Friday, May 13, 2011

Summaries of amicus briefs from Florida v. HHS

The American Center for Law and Justice and 74 Members of Congress:

Here, amici make the following arguments. First, amici argue that the district court was correct in determining that the “Section 1501 of the PPACA is unconstitutional because it exceeds Congress’s Article I authority.” In support, they write that the individual mandate (1) “exceeds the boundaries of Congress’s Commerce Clause power,” and (2) that “[u]pholding the individual mandate would effectively confer upon Congress ‘a plenary police power’ . . . over all individual economic decisions and places Americans’ economic liberty at risk.”

Second, amici argue that, “Because Section 1501 is not severable from the remainder of the of the PPACA, the entire PPACA is invalid.”

The American Legislative Exchange Council:

The American Legislative Exchange Council makes the following arguments. First, that the “individual mandate exceeds Congress[’s] authority under the Commerce Clause, as informed by core principles of federalism,” because: (1) “Core principles of federalism constrain Congress’s Commerce Clause authority, and deny the federal government a general police power”; and (2) “[u]pholding the individual mandate as a valid exercise of the Commerce power would upset the federal-State balance and effectively grant Congress a plenary police power.”

Second, that the “individual mandate exceeds Congress[’s] authority under the Necessary and Proper Clause, as informed by core principles of federalism,” because: (1) “In exercising authority under the Necessary and Proper Clause, Congress must give proper account to ‘state interests’”; and (2) the individual mandate “fails to account for state interests.”

Finally, that “[u]pholding the individual mandate would ‘displace state policy choices’ and stifle the states’ constitutional role as laboratories of democracy.”

The Catholic Medical Association, et al.:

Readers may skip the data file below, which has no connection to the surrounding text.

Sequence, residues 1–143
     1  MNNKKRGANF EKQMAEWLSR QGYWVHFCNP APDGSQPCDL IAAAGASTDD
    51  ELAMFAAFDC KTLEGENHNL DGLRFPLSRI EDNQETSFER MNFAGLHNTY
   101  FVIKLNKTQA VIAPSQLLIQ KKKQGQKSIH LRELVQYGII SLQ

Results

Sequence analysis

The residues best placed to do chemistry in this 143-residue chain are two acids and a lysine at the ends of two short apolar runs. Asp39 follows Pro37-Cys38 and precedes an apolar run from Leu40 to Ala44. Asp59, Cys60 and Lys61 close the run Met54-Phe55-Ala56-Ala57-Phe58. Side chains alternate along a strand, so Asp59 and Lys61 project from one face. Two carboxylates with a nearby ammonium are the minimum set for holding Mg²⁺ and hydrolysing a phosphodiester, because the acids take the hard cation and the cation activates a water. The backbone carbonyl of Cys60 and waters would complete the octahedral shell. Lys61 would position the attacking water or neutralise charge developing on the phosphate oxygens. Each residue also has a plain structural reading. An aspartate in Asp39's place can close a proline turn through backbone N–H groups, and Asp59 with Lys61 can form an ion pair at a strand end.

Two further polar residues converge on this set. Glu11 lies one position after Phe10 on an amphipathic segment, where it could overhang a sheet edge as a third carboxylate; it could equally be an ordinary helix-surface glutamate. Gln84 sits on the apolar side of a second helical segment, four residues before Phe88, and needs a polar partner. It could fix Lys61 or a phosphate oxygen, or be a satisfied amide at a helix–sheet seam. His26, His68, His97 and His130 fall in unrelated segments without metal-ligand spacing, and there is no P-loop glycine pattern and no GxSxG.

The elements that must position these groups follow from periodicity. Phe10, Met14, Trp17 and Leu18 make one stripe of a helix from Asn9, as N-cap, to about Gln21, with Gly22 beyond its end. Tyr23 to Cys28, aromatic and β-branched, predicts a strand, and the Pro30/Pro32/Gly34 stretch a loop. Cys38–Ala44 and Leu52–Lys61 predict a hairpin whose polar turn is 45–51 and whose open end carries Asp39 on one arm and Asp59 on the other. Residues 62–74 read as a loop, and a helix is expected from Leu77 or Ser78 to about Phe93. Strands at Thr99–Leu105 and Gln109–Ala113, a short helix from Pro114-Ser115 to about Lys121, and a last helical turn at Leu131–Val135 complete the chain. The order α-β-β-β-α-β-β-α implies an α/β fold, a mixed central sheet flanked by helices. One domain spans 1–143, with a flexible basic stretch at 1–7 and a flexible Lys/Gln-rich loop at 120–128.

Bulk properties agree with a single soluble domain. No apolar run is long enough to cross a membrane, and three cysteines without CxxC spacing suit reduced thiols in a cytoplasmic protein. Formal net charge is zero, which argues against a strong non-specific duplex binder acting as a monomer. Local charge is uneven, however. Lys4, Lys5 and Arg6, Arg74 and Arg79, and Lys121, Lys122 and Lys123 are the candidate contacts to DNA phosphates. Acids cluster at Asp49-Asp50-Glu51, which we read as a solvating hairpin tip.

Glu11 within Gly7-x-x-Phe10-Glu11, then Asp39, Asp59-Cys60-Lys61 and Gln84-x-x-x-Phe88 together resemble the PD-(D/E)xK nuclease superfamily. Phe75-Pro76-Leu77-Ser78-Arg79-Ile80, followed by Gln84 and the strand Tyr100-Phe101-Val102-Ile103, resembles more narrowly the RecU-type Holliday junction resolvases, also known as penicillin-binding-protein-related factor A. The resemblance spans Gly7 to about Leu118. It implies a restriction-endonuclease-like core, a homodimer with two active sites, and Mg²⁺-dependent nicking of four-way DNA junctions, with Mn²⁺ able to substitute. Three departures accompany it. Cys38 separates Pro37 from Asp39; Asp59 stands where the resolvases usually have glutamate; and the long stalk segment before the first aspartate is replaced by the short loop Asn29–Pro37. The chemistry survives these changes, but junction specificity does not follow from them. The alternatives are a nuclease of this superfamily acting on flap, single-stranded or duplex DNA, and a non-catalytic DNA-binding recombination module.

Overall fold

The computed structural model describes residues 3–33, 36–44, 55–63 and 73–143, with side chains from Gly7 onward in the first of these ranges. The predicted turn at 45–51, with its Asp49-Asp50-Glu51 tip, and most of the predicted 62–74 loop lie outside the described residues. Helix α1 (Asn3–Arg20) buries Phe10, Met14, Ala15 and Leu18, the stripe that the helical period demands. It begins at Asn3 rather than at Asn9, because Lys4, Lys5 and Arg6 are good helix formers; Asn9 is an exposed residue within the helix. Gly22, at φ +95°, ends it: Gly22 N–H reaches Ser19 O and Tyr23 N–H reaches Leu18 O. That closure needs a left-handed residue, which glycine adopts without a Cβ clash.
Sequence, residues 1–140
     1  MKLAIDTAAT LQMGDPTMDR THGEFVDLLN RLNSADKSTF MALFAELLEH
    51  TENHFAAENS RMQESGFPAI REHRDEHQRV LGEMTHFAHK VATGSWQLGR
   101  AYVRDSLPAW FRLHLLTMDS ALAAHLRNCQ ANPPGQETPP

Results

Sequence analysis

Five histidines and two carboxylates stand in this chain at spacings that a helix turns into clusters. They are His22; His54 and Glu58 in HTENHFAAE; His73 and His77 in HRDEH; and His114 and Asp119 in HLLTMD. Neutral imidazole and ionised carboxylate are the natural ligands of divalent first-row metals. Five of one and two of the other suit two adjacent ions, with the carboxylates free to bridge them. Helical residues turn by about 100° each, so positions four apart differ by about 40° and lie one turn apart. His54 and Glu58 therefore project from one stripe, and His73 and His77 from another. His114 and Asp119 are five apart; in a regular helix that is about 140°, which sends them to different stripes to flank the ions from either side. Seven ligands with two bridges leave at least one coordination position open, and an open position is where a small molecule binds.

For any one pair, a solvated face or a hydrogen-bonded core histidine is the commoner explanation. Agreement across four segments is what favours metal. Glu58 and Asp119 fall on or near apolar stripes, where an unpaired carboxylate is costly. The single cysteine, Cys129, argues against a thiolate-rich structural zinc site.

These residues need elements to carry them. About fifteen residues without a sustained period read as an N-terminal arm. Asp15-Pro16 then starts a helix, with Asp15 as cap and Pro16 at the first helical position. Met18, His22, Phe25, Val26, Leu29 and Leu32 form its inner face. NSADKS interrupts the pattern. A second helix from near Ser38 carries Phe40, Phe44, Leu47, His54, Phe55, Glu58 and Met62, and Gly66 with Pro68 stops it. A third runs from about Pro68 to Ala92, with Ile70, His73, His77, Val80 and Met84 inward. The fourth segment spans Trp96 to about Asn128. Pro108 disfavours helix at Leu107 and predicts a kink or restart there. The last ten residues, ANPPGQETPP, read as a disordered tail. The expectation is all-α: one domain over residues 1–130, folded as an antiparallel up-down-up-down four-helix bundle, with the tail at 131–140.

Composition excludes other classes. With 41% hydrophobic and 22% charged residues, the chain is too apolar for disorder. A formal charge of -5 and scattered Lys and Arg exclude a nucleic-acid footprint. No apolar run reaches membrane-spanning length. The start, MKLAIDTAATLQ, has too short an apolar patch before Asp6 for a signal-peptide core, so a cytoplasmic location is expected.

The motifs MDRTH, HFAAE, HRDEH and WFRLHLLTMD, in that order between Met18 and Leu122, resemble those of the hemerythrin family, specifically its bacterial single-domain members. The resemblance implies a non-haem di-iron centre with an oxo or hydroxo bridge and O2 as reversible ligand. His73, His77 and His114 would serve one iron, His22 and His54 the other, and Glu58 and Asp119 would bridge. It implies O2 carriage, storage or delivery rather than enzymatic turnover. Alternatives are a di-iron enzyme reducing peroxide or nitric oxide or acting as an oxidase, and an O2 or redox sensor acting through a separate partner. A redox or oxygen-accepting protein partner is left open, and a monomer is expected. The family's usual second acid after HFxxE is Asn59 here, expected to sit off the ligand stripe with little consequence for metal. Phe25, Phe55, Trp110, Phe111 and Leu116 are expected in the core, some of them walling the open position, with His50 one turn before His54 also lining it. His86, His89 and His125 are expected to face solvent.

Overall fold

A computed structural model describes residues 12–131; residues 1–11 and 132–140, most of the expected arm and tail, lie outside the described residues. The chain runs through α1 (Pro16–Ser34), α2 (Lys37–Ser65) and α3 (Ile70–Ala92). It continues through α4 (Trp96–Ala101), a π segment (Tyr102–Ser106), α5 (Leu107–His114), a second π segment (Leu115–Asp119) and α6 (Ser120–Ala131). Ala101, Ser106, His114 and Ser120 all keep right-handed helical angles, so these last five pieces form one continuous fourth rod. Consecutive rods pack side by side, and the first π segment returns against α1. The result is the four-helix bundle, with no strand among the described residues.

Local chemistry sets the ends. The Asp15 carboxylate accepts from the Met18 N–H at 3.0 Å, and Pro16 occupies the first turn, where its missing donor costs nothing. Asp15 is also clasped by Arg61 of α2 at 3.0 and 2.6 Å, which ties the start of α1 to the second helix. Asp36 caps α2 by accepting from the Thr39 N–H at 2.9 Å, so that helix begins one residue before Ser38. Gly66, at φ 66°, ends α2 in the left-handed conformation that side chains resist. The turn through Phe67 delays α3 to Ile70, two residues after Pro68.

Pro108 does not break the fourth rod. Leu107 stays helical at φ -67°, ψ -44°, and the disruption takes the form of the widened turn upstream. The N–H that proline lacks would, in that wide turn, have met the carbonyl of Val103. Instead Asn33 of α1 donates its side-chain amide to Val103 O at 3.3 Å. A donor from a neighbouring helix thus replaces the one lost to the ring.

The Catholic Medical Association argues that the “Act and its non-neutral individual mandate violate the Free Exercise Clause by imposing an ‘Abortion Premium Mandate’ without regard to religious objection.”

The Family Research Council:

In its brief, the Family Research Council addresses the severability issue at length. First, it argues that “the modern severability doctrine is a two-step inquiry examining Congress’s intent.” In support, the Council argues: (1) that Free Enterprise Fund “restated severability as a two-step inquiry focused on congressional intent in codifying a ‘legislative bargain’”; (2) that this “appeal turns on whether the ‘legislative bargain’ intended by Congress can be achieved if Section 1501 is invalid”; and (3) that “Supreme Court instruction regarding statutory purposes, judicial doubt, and presumptions are essential to the instant appeal.”

Second, it argues that “[t]his inquiry incorporates three principles unanimously adopted by the Supreme Court in the 2006 Ayotte Case.”

Third, that the “text of the ACA requires holding Section 1501 nonseverable,” because: (1) “The lack of a severability clause weakens the presumption of severability,” (2) “Congress’s declaration that Section 1501 is essential to ACA achieving Congress[’s] purpose is an expression of congressional intent,” and (3) the “canon against surplusage requires this Court to give effect to Congress’s finding of the individual mandate’s necessity.”

Fourth, the Council argues that the court “must at a minimum hold specific provisions of the ACA nonseverable from Section 1501.” The Council writes that the “ACA’s text requires, and the Government concedes, that Sections 1001 and 1201 cannot be severed from Section 1501,” and the “ACA’s Medicaid expansion cannot be severed from Section 1501.” Also, the Council argues, “Various additional sections cannot be severed from Section 1501,” including “the ‘Employer Mandate’ requiring all employers with 50 or more employees to provide federally approved forms of healthcare insurance, and subjecting non-complying employers to a draconian per-employee penalty,” and the CLASS Act. Finally, the Council argues, “Beyond these, Congress’s clear purpose for ACA would be frustrated unless all ACA provisions burdening the insurance industry are held nonseverable from Section 1501.”

The Justice and Freedom Fund:

The Justice and Freedom Fund makes three primary arguments. First, that “[n]either the Commerce Clause nor the Necessary and Proper Clause can salvage the perverse ‘necessity’ Congress itself created.” Second, that the “individual mandate is improper because it erodes individual liberties at the core of American freedom.” Finally, that the “district court correctly struck down the entire Act in order to protect the doctrine of separation of powers as mandated by the Constitution.”

The Landmark Legal Foundation:

The Landmark Legal Foundation’s brief makes two arguments. First, that the “PPACA’s individual insurance mandate is an unprecedented and unconstitutional police power impermissible under either the Commerce Clause or the Necessary and Proper Clause.” Second, that “Section 5000A of the PPACA establishes an unconstitutional tax.”

The Minnesota legislators and North Carolina legislative leaders: